Over the past several years, a new type of astronomical telescope known as a “telephoto array” or an “array telescope” constructed by combining off-the-shelf equipment designed for photography and amateur astronomy has garnered significant scientific and popular attention. Here we introduce the “Condor Array Telescope,” which is just now being deployed to a superb astronomical site in the southwest corner of New Mexico. (Condor was to have been deployed to the Rio Hurtado Valley of Chile last year, but Covid intervened, and the project was fortunate to have found a more accessible temporary home.) Condor is a high-performance array telescope that is optimized for detecting both very-low-brightness features and point sources and is capable of efficiently imaging regions of the sky at an unprecedentedly rapid cadence of 60 seconds while remaining sky-noise limited. The array consists of six off-the-shelf apochromatic refracting telescopes, each equipped with focal-reducing field corrector, motorized focuser, motorized filter wheel, and large-format CMOS camera, all attached to a common mount. The telescope operates completely autonomously. The scientific objectives of the project include (1) studying very-low-brightness galaxies and the low-brightness outer regions of the Milky Way, LMC and SMC, and nearby and distant galaxies, (2) studying stars at a rapid cadence, including searching for transiting extra-solar planets, and (3) mapping the entire sky in several narrow bandpasses. The project also allocates 20% of the available observation time to a far-reaching “broader impacts” program, including specifically allocating half of this time fo faculty and students at historically black colleges and universities. The project is a concept feasibility study for a much larger array telescope with much greater light-collecting capability and is funded by the Advanced Technologies and Instrumentation program of the National Science Foundation. Weather and schedule permitting, the lecture will be delivered live from the Condor site in Animas, New Mexico.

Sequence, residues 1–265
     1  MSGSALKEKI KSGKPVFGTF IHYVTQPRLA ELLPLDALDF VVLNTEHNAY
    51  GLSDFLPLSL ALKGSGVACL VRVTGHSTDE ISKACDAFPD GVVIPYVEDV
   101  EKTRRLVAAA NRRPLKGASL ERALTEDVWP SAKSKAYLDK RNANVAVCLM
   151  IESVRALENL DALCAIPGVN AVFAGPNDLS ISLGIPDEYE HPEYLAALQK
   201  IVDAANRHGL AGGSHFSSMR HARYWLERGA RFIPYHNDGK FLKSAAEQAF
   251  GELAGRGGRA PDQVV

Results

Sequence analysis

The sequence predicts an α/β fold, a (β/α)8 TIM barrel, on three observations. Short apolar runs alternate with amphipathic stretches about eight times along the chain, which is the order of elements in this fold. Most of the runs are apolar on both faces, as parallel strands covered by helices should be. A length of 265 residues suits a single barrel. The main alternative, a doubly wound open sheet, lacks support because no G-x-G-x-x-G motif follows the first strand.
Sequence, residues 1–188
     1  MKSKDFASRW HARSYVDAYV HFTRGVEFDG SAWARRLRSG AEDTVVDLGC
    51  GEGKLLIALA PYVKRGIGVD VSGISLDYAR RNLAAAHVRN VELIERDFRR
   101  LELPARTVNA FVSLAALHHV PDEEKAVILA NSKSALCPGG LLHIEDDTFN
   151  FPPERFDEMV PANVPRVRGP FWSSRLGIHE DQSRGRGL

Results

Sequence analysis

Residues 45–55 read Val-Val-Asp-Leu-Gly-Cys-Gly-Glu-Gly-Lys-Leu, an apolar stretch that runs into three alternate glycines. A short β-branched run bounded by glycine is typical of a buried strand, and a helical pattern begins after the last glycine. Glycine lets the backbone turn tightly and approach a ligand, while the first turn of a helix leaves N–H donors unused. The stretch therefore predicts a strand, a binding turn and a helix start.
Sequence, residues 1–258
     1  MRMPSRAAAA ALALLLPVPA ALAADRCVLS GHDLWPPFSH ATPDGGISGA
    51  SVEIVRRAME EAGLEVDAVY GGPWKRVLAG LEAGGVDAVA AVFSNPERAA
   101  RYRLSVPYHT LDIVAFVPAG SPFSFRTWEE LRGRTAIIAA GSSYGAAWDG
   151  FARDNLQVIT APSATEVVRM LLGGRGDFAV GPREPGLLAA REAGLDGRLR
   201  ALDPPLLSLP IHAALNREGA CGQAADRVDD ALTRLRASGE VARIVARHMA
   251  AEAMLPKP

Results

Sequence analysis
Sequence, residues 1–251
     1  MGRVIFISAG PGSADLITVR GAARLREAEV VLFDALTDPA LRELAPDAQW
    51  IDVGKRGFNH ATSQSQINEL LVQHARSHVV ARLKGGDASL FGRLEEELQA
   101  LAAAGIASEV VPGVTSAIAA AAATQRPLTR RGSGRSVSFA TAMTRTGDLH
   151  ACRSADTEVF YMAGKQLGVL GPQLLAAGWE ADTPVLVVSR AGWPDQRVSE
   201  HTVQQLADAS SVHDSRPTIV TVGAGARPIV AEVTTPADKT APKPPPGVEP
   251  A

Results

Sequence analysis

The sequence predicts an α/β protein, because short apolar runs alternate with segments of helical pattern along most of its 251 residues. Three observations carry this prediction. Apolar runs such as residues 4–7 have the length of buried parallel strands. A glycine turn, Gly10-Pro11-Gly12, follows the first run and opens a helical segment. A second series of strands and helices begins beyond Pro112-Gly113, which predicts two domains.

Kenneth M. Lanzetta is a professor in the Department of Physics and Astronomy of Stony Brook University. He obtained a BA in physics from the University of Pennsylvania in 1983 and a PhD in physics from the University of Pittsburgh in 1988. From there he spent two years as a postdoctoral researcher at the Institute of Astronomy of the University of Cambridge in England and then four years as a postdoctoral researcher and Hubble Fellow at the Center for Astrophysics and Space Sciences of the University of California, San Diego before taking a position as assistant professor at Stony Brook University in 1994. He was promoted to associate professor n 1997 and to professor in 2001. His research interests involve extragalactic astronomy and cosmology, including issues of galaxy formation and evolution, quasar absorption lines, evolution of the intergalactic medium, detection and identification of faint, high-redshift galaxies, and development and application of optimal image processing techniques utilizing large-scale scientific computing facilities.